I’ve been very blessed in my life. I’ve had opportunities that I know that many, many people have not had. I was not born with privilege and didn’t grow up with privilege, but I’ve been able to take advantage of opportunities that either presented themselves to me or that important people in my life (most of all, my parents) made happen.
Even with these opportunities, I’ve faced both success and failure in my life, as all people have. I’ve had to overcome real adversity myself and, as I narrated in my essay about my mother and my essay about my father, I come from people who understand adversity and have overcome it themselves.
Over the years, I’ve collected quotations, stories, and other works that have provided me the inspiration to keep going and to overcome these challenges. These are all actual sources I have turned to when facing serious, major life challenges.
I wanted to share some of them with you today. This is hardly a comprehensive list, but it’s a nice sampling.
To Kill a Mockingbird
My absolute favorite book is To Kill a Mockingbird. Its hero, Atticus Finch, is one of my role models in life and one of the great heroes of literature.
Early in the novel, he explains to his daughter, Scout, why he had her and her brother spend time with their curmudgeonly neighbor Mrs. Dubose, who spends her final days suffering through pain and withdrawal symptoms from her morphine addiction in order to die addiction-free.
I wanted you to see what real courage is, instead of getting the idea that courage is a man with a gun in his hand. It’s when you know you’re licked before you begin anyway and you see it through no matter what. You rarely win, but sometimes you do.
His words foreshadow the battle he himself will wage at the core of the novel, defending Tom Robinson, a black man falsely accused of raping a white woman in the Jim Crow-era South, a man who is doomed to be convicted before his trial even begins. Earlier in the novel, Scout asks him if he’s going to win his case, and Atticus responds that he knows he will not, but says he will defend Tom anyway because, “Simply because we were licked a hundred years before we started is no reason for us not to try to win.”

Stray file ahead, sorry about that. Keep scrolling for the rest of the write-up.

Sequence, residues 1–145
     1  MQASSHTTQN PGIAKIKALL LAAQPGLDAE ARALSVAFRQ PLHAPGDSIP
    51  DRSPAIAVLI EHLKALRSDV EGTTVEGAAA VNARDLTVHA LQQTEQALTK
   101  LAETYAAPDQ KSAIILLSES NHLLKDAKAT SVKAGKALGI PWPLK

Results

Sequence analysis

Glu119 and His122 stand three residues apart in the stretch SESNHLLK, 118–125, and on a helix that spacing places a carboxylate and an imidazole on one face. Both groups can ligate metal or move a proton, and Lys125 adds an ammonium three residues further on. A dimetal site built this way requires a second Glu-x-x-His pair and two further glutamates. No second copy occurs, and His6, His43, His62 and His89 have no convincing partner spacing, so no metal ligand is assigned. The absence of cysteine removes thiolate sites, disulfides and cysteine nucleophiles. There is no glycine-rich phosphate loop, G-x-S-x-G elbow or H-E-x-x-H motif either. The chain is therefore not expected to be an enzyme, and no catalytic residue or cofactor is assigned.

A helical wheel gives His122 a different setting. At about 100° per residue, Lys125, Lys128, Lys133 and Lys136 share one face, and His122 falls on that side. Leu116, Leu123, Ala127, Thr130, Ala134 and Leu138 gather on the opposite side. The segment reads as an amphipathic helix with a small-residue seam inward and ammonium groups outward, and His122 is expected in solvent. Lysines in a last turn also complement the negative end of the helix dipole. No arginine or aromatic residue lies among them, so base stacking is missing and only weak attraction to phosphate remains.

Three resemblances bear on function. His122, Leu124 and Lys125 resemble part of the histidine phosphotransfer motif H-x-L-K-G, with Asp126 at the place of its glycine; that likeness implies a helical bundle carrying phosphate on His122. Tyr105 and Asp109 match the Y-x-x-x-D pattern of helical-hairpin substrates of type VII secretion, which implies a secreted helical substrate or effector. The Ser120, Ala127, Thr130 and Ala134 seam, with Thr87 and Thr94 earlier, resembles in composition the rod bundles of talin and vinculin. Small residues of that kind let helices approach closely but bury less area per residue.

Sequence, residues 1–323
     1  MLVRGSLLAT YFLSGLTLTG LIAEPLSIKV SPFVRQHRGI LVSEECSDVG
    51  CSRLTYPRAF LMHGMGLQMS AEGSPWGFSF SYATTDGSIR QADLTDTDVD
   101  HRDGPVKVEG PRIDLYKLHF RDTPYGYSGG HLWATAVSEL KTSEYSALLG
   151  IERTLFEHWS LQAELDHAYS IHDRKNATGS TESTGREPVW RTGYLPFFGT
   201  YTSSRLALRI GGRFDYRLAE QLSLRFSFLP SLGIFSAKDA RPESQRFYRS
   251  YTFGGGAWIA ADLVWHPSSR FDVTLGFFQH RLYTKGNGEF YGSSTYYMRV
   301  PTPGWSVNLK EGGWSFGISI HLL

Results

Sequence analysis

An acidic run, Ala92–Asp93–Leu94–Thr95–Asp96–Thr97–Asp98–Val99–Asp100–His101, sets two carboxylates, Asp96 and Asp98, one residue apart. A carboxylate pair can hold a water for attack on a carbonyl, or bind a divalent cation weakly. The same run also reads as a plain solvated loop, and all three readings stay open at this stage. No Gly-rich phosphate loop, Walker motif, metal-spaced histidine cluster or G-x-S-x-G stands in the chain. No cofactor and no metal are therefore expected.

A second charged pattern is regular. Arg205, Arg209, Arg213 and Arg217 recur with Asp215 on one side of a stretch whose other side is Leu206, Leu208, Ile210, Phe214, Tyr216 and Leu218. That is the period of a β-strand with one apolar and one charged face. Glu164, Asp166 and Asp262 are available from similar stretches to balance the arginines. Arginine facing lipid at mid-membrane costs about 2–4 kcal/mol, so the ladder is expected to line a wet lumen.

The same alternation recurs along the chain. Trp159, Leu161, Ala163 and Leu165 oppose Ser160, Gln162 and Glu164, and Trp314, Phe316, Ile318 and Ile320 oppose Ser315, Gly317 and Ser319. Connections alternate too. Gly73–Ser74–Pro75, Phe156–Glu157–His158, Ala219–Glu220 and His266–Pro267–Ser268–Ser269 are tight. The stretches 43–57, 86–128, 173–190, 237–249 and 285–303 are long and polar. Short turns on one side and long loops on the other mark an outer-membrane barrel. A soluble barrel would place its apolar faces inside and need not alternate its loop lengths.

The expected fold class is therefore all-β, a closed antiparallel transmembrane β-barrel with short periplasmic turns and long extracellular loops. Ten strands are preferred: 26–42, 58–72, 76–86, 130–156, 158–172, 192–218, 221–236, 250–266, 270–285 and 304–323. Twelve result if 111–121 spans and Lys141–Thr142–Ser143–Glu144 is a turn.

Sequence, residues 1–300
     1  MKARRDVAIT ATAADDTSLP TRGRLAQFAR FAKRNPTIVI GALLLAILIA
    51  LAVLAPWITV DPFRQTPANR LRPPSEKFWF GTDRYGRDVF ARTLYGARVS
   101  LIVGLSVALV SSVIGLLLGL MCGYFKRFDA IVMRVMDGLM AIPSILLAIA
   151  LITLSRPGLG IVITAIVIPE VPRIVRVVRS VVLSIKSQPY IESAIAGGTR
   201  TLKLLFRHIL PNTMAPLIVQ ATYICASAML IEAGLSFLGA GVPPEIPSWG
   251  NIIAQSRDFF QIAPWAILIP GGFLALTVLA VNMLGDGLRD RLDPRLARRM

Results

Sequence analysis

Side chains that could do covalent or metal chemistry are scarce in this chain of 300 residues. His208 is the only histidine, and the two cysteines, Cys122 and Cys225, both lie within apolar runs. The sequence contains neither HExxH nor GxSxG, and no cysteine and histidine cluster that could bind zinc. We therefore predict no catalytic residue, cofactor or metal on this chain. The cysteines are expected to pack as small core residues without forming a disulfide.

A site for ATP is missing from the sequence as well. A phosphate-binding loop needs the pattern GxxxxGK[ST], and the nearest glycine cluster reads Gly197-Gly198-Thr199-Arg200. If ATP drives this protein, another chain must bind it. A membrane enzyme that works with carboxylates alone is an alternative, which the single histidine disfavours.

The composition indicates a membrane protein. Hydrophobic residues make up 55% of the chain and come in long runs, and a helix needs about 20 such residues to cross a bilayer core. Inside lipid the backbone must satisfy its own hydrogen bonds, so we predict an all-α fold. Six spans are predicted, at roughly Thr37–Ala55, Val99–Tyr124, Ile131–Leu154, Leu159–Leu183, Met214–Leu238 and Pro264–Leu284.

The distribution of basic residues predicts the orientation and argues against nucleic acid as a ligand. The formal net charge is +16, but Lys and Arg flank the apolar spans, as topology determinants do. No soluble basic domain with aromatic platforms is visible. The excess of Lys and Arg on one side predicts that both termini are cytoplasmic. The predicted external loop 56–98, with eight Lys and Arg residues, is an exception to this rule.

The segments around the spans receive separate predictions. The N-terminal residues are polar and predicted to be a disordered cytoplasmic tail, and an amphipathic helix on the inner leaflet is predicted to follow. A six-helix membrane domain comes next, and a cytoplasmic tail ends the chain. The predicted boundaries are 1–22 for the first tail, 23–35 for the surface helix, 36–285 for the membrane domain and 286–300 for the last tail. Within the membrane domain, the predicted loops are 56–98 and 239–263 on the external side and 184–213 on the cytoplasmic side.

The most powerful scene in the story, depicted absolutely perfectly in the film adaptation, shows the respect he earns from the community and from us the readers for having fought the good fight, knowing it was a futile effort:
I was raised in a Hindu household, and so I grew up intimately familiar with the Ramayana, one of the two major ancient Indian epics alongside the Mahabharata (which is one of the longest written works of all time). The Ramayana tells the story of the righteous prince Rama, a divine incarnation, who accepts a 14-year forest exile in order to keep true a promise his father made to his stepmother. During the exile, Rama’s wife, the princess Sita, is kidnapped by Ravana, the king of the island kingdom of Lanka and the lord of all evil. To find and rescue Sita, Rama allies himself with the monkeys and bears of the forest, and with his army of forest-dwellers, takes on Ravana’s demon forces, ultimately defeating Ravana in battle.
The contrast between Rama and Ravana is stark. Rama, representing the forces of good, is a prince exiled to the forest who walks barefoot, lives off of fruits and roots in the forest, lives in a thatched hut, is armed only with his bow and arrows, and has an army made up of monkeys and bears. He is described as being a strong warrior but quiet and calm in countenance. This is in sharp contrast to the arrogant Ravana, representing the forces of evil. He lives a life that is the very embodiment of opulence and material pleasure. His kingdom of Lanka is vividly described in the 5th book of the Ramayana (known as the Sundara-kanda) as a decadent place filled with lavish wealth and treasure, rich foods, the world’s most exotic liquors, and the finest clothes. Ravana himself is described as an impressive figure, handsome and well-built, with dozens of beautiful wives who have come to him willingly. He is the lord of all evil, possesses many divine powers that he has been granted through penance and rituals, and his demon forces have brought the whole world to its knees.
The war between Rama and Ravana’s forces is epic in every sense of the word and Rama’s army suffers many, many setbacks and near-death experiences before Rama ultimately defeats Ravana in battle. This victory of good over evil and Rama’s return home after his exile are celebrated each year in the largest of the Hindu festivals, Diwali.